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The Triangle Indie Film Meetup Group Message Board › "The Cloud in the Compass" (experimental cinema) -- a special prog

"The Cloud in the Compass" (experimental cinema) -- a special program of short films - Nasher Museum - Mar 19th

Cary, NC
Post #: 343
Saturday March 19th at 1pm in the Nasher Museum of Art Auditorium:
Guest curator Mark McElhatten presents--"The Cloud in the Compass" (experimental cinema) -- a special program of short films:
"The Cloud in the Compass"

Sponsored by the Program in the Arts of the Moving Image (AMI) and the Nasher Museum of Art.

Programmed and presented by Mark McElhatten

What happens when frequencies go missing and words cluster and snake? Disorientation finds its way home. All realities are reversible in the mind and in the language of letters and light. All interpretation is selection and the breaking of waves, of wavelengths. Tuned to unseen stations we cannot locate or reach we nevertheless receive, confuse and radiate. The stories we tell scramble in cacophony as Babel falls. And the sound of our hearts beat in radio silence.

Cinema is not just film not just movies, it existed before film and will go on after. It is a mode of perception native to us all, occurring in nature and in thought. It is a way of seeing.

The next voice you hear:

The croaking voice of the most graceful film star of the silent silver screen, (after the Fall). The sound mimesis and rapturous punk rants of a sightless enthusiast with a lust for life. A Welsh voice intoning, channeling Andy Warhol. disembodied and grave. Quavering ghost talk conducted through the cracks of a contemporary ruin. Sounds of unseen voices and objects that make pictures without optics where you must fill in the blanks. Choirs of static and interstellar space.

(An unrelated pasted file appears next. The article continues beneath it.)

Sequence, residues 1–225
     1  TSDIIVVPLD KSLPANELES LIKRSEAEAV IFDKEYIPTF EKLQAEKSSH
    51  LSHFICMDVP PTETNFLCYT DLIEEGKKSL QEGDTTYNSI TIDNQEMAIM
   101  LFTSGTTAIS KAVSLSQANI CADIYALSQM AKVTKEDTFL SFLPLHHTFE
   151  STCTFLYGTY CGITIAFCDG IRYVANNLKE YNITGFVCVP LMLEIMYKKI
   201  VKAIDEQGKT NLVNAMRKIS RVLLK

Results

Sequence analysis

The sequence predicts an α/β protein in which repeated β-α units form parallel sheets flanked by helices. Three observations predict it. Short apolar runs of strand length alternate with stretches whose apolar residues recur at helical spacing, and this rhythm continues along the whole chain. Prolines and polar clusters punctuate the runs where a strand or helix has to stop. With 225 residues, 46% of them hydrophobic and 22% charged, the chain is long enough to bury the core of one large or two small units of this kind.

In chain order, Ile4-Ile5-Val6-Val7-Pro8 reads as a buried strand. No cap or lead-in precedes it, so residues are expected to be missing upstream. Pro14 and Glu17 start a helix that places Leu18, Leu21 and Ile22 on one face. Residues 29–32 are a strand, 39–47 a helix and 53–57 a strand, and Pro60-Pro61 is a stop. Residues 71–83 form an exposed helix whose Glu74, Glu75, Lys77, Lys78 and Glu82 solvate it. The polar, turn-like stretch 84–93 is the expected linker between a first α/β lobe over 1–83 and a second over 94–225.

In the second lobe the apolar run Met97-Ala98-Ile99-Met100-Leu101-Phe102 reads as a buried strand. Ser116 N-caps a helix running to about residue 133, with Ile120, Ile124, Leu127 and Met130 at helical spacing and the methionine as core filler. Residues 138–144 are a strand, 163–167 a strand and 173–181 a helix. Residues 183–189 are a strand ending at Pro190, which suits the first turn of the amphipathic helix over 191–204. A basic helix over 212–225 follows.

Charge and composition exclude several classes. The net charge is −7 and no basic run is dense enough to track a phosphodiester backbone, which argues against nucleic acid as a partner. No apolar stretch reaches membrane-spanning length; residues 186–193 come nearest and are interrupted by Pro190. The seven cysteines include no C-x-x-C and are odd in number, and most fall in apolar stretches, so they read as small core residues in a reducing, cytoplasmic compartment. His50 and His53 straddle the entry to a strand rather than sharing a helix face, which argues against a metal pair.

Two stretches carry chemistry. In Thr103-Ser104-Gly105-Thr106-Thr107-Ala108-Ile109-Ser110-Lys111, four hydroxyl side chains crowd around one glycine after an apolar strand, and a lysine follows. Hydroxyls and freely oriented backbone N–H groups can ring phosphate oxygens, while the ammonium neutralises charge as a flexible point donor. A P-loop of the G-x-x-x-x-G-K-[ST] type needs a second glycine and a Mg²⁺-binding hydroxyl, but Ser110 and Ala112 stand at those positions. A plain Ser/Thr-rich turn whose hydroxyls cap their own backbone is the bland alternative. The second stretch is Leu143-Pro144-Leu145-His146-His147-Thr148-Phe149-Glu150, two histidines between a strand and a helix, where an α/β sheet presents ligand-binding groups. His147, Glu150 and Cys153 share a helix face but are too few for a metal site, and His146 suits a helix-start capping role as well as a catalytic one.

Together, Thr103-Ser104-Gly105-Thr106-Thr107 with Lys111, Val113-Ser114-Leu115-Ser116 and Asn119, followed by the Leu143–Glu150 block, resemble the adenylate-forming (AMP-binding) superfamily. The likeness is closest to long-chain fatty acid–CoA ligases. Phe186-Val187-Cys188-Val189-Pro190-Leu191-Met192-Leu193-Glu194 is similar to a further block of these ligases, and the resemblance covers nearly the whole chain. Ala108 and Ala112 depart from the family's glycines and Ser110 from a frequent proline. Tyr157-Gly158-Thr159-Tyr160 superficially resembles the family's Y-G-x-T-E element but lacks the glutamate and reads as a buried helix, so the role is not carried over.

The next voice you hear

Will be your own.

The voice that lip synchs in silence reciting everything you have read since you were born. The voice that speaks to you when you are lost and guides you home. The voice that cries out in your head when you lose your voice.

Films to be screened:
One Day Franz Brought Me To His House
(Ernest Marrero and Susan Kougel, 1982, 15 min, silent, B&W, 16mm)

An indelible classic of the early 80’s long withdrawn from view makes a rare showing through special arrangement with the filmmakers. -- MM.
An experimental narrative film in which the present day relevance of the Nazi holocaust is brought to bear on the political and religious realities of contemporary German society. ONE DAY FRANZ... consists of printed texts from which simultaneous narratives unfold. This unfolding interaction of poetic and public language produces a complex narrative reading. --E. M.

Mnemosyne Mother of Muses
(Larry Gottheim, 1987, 16 min, sound, color, 16mm)

A mirrored form in counter-movement, dense with emotion-charged memory -- a rapidly sparking dynamism of image and afterimage, swirling resonant words/music, juxtaposing loss, my father's stroke, Toscanini, Siodmak's The Killers, the Red Robin Diner. ... I seem to be quickening.” -- L.G.

Herman Slobbe Blind Child 2
(Johan van der Keuken, 1966, 29 minutes)

"Film is not life, but it has to touch your life. It’s a second life.” – van der Keuken
Filmmaker, photographer Van der Keuken made over 55 films of rare compassion and incisive local and global analysis until his sudden death in 2001. Herman Slobbe is one of his greatest, an unforgettable portrait of great invention and humanity that focuses on a blind 14 year old boy. Herman is both rebel and raconteur a natural artist and an unquenchable living flame.

She Had He So He Do He to Her